9. Casey BJ, Jones RM (2010) Neurobiology of the adolescent brain and behavior: implications for substance use disorders. J Am Acad Child Adolesc Psychiatry 49:1189–1201PubMedCentralPubMedGoogle Scholar
  10. Daberkow DP, Brown HD, Bunner KD, Kraniotis SA, Doellman MA, Ragozzino ME, Garris PA, Roitman MF (2013) Amphetamine paradoxically augments exocytotic dopamine release and phasic dopamine signals. J Neurosci 33:452–463PubMedCentralPubMedCrossRefGoogle Scholar
  11. Eagle DM, Baunez C (2010) Is there an inhibitory-response-control system in the rat? Evidence from anatomical and pharmacological studies of behavioral inhibition. Neurosci Biobehav Rev 34:50–72PubMedCentralPubMedCrossRefGoogle Scholar
  12. Ferguson SA, Frisby NB, Ali SF (2000) Acute effects of cocaine on play behaviour of rats. Behav Pharmacol 11:175–179PubMedCrossRefGoogle Scholar
  13. Field EF, Pellis SM (1994) Differential effects of amphetamine on the attack and defense components of play fighting in rats. Physiol Behav 56:325–330PubMedCrossRefGoogle Scholar
  14. File SE, Seth P (2003) A review of 25 years of the social interaction test. Eur J Pharmacol 463:35–53PubMedCrossRefGoogle Scholar
  15. Heikkila RE, Orlansky H, Mytilineou C, Cohen G (1975) Amphetamine: evaluation of d- and l-isomers as releasing agents and uptake inhibitors for 3H-dopamine and 3H-norepinephrine in slices of rat neostriatum and cerebral cortex. J Pharmacol Exp Ther 194:47–56PubMedGoogle Scholar
  16. Homberg JR, Schiepers OJG, Schoffelmeer ANM, Cuppen E, Vanderschuren LJMJ (2007) Acute and constitutive increases in central serotonin levels reduce social play behaviour in peri-adolescent rats. Psychopharmacology 195:175–182PubMedCentralPubMedCrossRefGoogle Scholar
  17. Kelly PH, Seviour PW, Iversen SD (1975) Amphetamine and apomorphine responses in the rat following 6-OHDA lesions of the nucleus accumbens septi and corpus striatum. Brain Res 94:507–522Google Scholar
  18. Knutson B, Panksepp J, Pruitt D (1996) Effects of fluoxetine on play dominance in juvenile rats. Aggr Behav 22:297–307CrossRefGoogle Scholar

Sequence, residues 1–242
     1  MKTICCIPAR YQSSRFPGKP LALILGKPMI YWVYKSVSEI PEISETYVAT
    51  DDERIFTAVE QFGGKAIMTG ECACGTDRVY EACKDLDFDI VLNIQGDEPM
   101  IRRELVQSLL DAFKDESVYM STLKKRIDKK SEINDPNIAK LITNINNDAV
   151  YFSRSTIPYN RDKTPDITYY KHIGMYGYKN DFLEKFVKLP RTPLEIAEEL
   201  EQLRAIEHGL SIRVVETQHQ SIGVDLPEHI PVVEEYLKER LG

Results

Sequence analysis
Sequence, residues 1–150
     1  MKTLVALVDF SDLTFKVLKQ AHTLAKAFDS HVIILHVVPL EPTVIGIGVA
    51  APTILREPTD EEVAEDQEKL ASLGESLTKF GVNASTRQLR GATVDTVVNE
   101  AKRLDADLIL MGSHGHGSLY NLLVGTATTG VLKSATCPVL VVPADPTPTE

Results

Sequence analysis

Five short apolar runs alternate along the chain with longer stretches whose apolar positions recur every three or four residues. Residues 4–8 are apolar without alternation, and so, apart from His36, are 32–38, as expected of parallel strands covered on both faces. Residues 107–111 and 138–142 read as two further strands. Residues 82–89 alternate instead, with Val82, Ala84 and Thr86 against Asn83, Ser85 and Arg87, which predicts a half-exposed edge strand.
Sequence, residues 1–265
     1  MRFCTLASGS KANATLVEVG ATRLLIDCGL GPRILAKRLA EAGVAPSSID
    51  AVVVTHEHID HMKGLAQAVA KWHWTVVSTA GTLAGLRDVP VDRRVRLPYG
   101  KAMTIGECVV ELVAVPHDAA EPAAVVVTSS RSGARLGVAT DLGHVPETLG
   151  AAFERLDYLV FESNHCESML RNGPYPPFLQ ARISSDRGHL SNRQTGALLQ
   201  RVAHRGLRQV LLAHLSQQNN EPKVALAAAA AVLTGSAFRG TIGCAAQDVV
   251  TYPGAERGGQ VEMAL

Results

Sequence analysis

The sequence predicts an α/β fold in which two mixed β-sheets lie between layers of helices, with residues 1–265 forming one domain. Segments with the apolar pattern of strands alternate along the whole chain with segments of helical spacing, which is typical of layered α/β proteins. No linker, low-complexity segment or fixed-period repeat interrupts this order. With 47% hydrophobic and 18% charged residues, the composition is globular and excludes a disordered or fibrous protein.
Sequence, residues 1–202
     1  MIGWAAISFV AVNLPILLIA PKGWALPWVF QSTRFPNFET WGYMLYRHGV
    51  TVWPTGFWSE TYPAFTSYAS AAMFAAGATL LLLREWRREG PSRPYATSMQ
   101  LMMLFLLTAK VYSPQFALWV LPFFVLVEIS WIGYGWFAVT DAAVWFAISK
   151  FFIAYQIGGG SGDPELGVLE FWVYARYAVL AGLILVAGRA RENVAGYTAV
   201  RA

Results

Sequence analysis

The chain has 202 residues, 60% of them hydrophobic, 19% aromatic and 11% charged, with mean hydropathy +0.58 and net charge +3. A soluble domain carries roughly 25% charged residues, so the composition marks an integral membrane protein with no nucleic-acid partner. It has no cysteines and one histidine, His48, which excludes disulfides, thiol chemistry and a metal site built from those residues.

19. Liu Y, Aragona BJ, Young KA, Dietz DM, Kabbaj M, Mazei-Robison M, Nestler EJ, Wang Z (2010) Nucleus accumbens dopamine mediates amphetamine-induced impairment of social bonding in a monogamous rodent species. Proc Natl Acad Sci U S A 107:1217–1222PubMedCentralPubMedCrossRefGoogle Scholar
  20. Liu Y, Young KA, Curtis JT, Aragona BJ, Wang Z (2011) Social bonding decreases the rewarding properties of amphetamine through a dopamine D1 receptor-mediated mechanism. J Neurosci 31:7960–7966PubMedCentralPubMedCrossRefGoogle Scholar
  21. Lyon M, Robbins TW (1975) The action of central nervous system stimulant drugs: A general theory concerning amphetamine effects. In: Essman WB, Valzelli L (eds) Current developments in psychopharmacology, vol 2. Spectrum, New York, pp 79–163Google Scholar
  22. Miczek KA, Yoshimura H (1982) Disruption of primate social behavior by d-amphetamine and cocaine: differential antagonism by antipsychotics. Psychopharmacology 76:163–171PubMedCrossRefGoogle Scholar
  23. Nelson EE, Leibenluft E, McClure EB, Pine DS (2005) The social re-orientation of adolescence: a neuroscience perspective on the process and its relation to psychopathology. Psychol Med 35:163–174PubMedCrossRefGoogle Scholar
  24. Newcomb MD, Bentler PM (1989) Substance use and abuse among children and teenagers. Am Psy 44:242–248CrossRefGoogle Scholar
  25. Niesink RJM, Van Ree JM (1989) Involvement of opioid and dopaminergic systems in isolation-induced pinning and social grooming of young rats. Neuropharmacology 28:411–418PubMedCrossRefGoogle Scholar
  26. Panksepp J, Beatty WW (1980) Social deprivation and play in rats. Behav Neural Biol 30:197–206PubMedCrossRefGoogle Scholar
  27. Panksepp J, Siviy S, Normansell L (1984) The psychobiology of play: theoretical and methodological perspectives. Neurosci Biobehav Rev 8:465–492PubMedCrossRefGoogle Scholar
  28. Panksepp J, Jalowiec J, DeEskinazi FG, Bishop P (1985) Opiates and play dominance in juvenile rats. Behav Neurosci 99:441–453PubMedCrossRefGoogle Scholar